Guitar Hero was a cultural phenomenon a little over a decade ago, and showed that there was a real fun time to be had playing a virtual instrument on a controller. There are several other similar games available now for different instruments, including one called Trombone Champ that [Hung Truong] is a fan of which replaces the traditional guitar with a trombone. The sliding action of a trombone is significantly different than the frets of a guitar, making it a unique challenge in a video game. But an extra challenge is building a controller for the game that works by playing a real trombone.
Unlike a guitar which can easily map finger positions to buttons, mapping a more analog instrument like a trombone with its continuous slide to a digital space is a little harder. The approach here was to use an ESP32 and program it to send mouse inputs to a computer. First, an air pressure sensor was added to the bell of the trombone, so that when air is passing through it a mouse click is registered, which tells the computer that a note is currently being played. Second, a mouse position is generated by the position of the slide by using a time-of-flight sensor, also mounted to the bell. The ESP32 sends these mouse signals to the computer which are then used as inputs for the game.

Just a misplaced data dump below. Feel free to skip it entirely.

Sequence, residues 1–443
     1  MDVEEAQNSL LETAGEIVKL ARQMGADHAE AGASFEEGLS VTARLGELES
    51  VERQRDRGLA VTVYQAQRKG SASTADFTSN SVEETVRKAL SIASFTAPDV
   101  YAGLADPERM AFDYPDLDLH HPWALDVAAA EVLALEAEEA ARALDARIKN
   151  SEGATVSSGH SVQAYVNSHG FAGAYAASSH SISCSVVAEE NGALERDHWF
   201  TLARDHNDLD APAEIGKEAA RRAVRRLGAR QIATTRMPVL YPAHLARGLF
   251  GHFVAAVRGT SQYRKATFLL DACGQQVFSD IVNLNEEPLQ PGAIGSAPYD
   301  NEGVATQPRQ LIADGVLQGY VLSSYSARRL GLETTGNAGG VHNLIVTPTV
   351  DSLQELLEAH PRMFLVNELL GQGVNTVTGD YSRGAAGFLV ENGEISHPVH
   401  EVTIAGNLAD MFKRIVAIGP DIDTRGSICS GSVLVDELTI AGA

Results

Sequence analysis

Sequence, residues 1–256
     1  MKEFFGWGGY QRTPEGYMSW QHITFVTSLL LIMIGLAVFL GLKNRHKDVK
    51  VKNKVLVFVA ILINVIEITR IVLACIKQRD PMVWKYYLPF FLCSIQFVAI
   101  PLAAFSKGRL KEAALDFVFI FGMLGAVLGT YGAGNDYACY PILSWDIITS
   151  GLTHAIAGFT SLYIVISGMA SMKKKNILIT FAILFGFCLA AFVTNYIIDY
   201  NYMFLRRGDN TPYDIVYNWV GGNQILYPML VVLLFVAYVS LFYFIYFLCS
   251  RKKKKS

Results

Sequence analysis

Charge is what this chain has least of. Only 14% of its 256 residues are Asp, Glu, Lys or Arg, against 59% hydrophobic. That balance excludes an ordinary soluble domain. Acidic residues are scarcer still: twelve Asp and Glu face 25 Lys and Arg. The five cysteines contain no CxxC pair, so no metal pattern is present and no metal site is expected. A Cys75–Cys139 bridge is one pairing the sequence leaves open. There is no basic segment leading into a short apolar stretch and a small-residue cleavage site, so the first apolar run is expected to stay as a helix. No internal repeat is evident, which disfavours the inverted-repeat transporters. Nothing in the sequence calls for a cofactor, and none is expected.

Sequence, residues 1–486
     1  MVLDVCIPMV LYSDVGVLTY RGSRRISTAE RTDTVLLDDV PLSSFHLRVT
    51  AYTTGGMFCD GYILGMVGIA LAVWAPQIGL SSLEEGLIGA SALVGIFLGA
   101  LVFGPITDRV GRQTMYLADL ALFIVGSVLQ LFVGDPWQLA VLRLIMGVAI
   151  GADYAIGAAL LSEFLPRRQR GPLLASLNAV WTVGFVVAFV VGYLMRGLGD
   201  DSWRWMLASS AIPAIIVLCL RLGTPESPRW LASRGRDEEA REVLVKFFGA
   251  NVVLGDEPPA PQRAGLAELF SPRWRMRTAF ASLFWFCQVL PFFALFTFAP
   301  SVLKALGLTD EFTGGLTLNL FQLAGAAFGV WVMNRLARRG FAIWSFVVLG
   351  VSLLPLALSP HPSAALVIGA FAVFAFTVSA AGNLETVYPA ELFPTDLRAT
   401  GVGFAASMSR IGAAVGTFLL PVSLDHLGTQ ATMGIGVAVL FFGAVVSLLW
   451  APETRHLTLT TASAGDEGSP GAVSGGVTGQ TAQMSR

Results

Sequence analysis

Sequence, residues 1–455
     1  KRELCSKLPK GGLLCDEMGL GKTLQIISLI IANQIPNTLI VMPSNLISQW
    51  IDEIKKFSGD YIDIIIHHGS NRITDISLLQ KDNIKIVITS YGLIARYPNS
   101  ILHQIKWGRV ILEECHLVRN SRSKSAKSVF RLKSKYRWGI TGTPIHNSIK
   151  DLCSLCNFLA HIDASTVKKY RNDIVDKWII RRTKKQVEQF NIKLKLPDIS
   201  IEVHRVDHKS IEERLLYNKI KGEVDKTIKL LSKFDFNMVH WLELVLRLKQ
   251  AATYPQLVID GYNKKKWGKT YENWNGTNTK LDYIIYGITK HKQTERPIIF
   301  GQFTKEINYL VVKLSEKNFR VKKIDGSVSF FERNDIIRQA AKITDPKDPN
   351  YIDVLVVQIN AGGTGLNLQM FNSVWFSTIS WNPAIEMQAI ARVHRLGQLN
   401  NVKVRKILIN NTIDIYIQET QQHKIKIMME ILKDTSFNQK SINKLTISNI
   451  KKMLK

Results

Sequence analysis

While [Hung Truong] found that his sensors were not of the highest quality, he did find the latency of the control interface, and the control interface itself, to be relatively successful. With some tuning of the sensors he figures that this could be a much more effective device than the current prototype. If you’re wondering if the guitar hero equivalent exists or not, take a look at this classic hack from ’09.